Caption 11, Alex Terrier - Le musicien et son jazz

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It can also be used in front of a surname to indicate a family household:

 

Chez les Marchal, le bac c'est une affaire de famille.

At the Marchals', the bac is a family affair.

Caption 23, Le Journal - Le baccalauréat - Part 1

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(Note that French surnames don’t take an extra s when pluralized: les Marchal.)

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Or it can be used with disjunctive pronouns (moi, toi, soi, etc.) to mean "at my house," "at your house," or even just "at home":

 

L'hiver, les gens préfèrent rester chez eux...

In the winter, people prefer to stay at home...

Caption 1, Fanny parle des saisons - La Bouffe

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You can also use chez for businesses, offices, restaurants, and other commercial locations: 

 

Je suis pizzaman chez F&F Pizza, un shift par semaine.

I'm a pizza man at F&F Pizza, one shift per week.

Caption 2, F&F Pizza - Chez F&F - Part 1

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J'ai rendez-vous chez le dentiste et je suis en retard!

I have an appointment at the dentist and I'm late!

Caption 10, Micro-Trottoirs - Art ou science?

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But chez doesn’t only refer to buildings! Quite often, you will also see it used more figuratively. For example, just as "at home" can mean "in one’s house," "in one's country/native land," and just "familiar" in general, chez soi (or chez nous, chez moi, etc.) carries all those meanings as well: 

 

On se sentait absolument chez nous.

We felt right at home.

Caption 23, Les Nubians - Le multiculturalisme

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Finally, when describing something "about" or "in" a person, "among" a group of people, or "in the work of" an author or artist, chez is the word to use: 

 

Je l'ai retrouvée, je l'ai vue chez toutes les femmes, toutes les filles.

I recognized it, I saw it in all the women, all the girls.

Caption 53, Alphabétisation - des filles au Sénégal

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Les pâtes sont très populaires chez les Italiens.

Pasta is very popular among Italians

 

Il y a beaucoup de figures bizarres chez Salvador Dalí.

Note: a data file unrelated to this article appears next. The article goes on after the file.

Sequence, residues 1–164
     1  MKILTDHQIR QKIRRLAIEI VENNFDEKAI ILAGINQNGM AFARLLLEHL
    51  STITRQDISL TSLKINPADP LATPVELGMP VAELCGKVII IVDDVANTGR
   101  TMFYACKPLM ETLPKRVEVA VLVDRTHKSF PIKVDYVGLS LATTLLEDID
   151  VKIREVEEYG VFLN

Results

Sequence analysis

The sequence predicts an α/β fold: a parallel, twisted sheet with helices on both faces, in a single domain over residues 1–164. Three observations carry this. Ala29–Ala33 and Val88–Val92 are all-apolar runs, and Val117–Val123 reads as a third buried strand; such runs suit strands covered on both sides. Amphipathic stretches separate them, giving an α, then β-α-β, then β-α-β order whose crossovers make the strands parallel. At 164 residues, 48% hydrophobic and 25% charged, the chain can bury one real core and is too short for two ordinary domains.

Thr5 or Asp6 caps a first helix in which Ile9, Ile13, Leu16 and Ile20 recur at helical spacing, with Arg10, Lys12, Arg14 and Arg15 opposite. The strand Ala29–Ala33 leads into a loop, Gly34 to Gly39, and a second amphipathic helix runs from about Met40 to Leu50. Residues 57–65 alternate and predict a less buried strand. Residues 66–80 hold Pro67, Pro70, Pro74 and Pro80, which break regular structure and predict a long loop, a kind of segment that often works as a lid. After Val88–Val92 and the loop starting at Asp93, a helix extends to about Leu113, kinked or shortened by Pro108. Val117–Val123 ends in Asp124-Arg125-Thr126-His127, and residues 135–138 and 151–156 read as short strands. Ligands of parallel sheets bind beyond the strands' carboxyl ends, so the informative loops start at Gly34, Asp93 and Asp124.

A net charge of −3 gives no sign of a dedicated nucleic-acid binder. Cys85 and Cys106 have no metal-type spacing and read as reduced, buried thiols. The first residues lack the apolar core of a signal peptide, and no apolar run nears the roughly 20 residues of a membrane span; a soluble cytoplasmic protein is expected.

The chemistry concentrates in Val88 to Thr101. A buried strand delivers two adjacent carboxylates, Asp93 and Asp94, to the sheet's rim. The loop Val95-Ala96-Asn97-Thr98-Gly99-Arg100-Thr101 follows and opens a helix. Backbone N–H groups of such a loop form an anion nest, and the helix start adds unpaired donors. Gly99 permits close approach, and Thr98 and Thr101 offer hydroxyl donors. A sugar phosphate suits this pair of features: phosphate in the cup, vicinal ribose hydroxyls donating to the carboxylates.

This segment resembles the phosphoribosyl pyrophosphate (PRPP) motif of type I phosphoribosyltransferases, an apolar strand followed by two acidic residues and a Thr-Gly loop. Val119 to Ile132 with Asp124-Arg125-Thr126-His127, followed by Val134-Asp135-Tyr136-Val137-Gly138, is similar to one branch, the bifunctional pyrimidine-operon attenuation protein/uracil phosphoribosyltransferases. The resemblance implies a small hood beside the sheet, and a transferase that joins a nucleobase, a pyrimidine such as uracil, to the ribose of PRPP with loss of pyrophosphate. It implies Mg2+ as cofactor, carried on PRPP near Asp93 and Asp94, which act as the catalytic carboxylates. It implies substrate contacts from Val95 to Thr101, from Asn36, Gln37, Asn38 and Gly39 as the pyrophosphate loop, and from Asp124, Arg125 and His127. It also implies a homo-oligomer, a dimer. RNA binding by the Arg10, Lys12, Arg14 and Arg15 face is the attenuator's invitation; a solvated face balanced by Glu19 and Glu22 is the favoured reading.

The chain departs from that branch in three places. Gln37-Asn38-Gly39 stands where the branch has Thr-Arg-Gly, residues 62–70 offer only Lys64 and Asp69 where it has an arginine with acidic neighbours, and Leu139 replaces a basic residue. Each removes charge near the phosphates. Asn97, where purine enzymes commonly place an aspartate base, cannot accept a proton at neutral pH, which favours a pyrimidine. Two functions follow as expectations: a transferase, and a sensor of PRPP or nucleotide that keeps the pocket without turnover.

There are many bizarre figures in the work of Salvador Dalí.

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We chez Yabla encourage you to speak French as much as you can chez vous

 

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Three "Faux Amis"

Take a look at these three words: éventuellement, actuellement, forcément. If you read one of our previous lessons, you would probably guess that these words are all adverbs. And you would be right! You might also guess that they mean "eventually," "actually," and "forcefully." No such luck this time. These words are all false cognates (or faux amis, literally "false friends"), which are words that look similar in two languages but mean different things. French and English share too many faux amis to include in one lesson, so for now we'll focus on these three deceptive adverbs.

Éventuellement is synonymous with possiblement, which means "possibly" (no false friends there!). It can also be more specifically translated as "when necessary" or "if needed." 

 

Éventuellement dans... dans telle ou telle de cir'... situation...

Possibly, in... in such and such a cir'... situation...

Caption 19, Actu Vingtième - La burqa

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Aujourd'hui il y a dix-sept médicaments disponibles, utilisés éventuellement en combinaison.

Today there are seventeen medications available, sometimes used in combination.

Caption 17, Le Journal - Le sida

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"Eventually" is usually translated as finalement (finally) or tôt ou tard (sooner or later):

J'ai décidé finalement de ne pas aller à la fête.

I eventually decided not to go to the party. 

Nous y arriverons tôt ou tard

We'll get there eventually

Our second adverb, actuellement, is not "actually," but "currently" or "presently":

 

Actuellement sans travail, ils résident aujourd'hui près de Saintes, en France...

Currently unemployed, they now live near Saintes, in France...

Caption 3, Le Journal - Les Français de Côte d'Ivoire

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"Actually" in French is en fait (in fact):

 

Et... pour imaginer le texte, en fait j'ai eu une vision dans ma tête.

And... to imagine the lyrics, actually I had a vision in my head.

Caption 16, Melissa Mars - On "Army of Love"

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And in case this wasn't complicated enough, "currently" has a faux ami of its own: couramment (fluently).

Nicole parle couramment cinq langues.

Nicole speaks five languages fluently